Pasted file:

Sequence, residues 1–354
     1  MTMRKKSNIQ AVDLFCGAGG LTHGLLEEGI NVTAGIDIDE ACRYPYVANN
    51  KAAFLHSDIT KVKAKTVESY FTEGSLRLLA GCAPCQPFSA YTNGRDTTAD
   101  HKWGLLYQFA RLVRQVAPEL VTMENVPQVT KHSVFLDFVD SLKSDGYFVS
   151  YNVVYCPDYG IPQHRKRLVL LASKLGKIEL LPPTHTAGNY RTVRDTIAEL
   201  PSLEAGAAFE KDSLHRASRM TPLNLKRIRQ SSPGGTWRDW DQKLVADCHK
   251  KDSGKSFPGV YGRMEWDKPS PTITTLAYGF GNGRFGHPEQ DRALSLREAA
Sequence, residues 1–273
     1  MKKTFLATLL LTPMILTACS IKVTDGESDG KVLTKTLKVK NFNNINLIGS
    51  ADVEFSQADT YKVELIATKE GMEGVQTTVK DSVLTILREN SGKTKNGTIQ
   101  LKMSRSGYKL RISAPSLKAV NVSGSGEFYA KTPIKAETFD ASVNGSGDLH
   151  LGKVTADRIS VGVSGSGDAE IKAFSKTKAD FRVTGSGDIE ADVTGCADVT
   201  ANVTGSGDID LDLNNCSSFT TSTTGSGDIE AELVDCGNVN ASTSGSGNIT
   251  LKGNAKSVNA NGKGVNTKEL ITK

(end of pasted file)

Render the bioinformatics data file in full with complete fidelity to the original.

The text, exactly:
Sequence, residues 1–354
     1  MTMRKKSNIQ AVDLFCGAGG LTHGLLEEGI NVTAGIDIDE ACRYPYVANN
    51  KAAFLHSDIT KVKAKTVESY FTEGSLRLLA GCAPCQPFSA YTNGRDTTAD
   101  HKWGLLYQFA RLVRQVAPEL VTMENVPQVT KHSVFLDFVD SLKSDGYFVS
   151  YNVVYCPDYG IPQHRKRLVL LASKLGKIEL LPPTHTAGNY RTVRDTIAEL
   201  PSLEAGAAFE KDSLHRASRM TPLNLKRIRQ SSPGGTWRDW DQKLVADCHK
   251  KDSGKSFPGV YGRMEWDKPS PTITTLAYGF GNGRFGHPEQ DRALSLREAA
Sequence, residues 1–273
     1  MKKTFLATLL LTPMILTACS IKVTDGESDG KVLTKTLKVK NFNNINLIGS
    51  ADVEFSQADT YKVELIATKE GMEGVQTTVK DSVLTILREN SGKTKNGTIQ
   101  LKMSRSGYKL RISAPSLKAV NVSGSGEFYA KTPIKAETFD ASVNGSGDLH
   151  LGKVTADRIS VGVSGSGDAE IKAFSKTKAD FRVTGSGDIE ADVTGCADVT
   201  ANVTGSGDID LDLNNCSSFT TSTTGSGDIE AELVDCGNVN ASTSGSGNIT
   251  LKGNAKSVNA NGKGVNTKEL ITK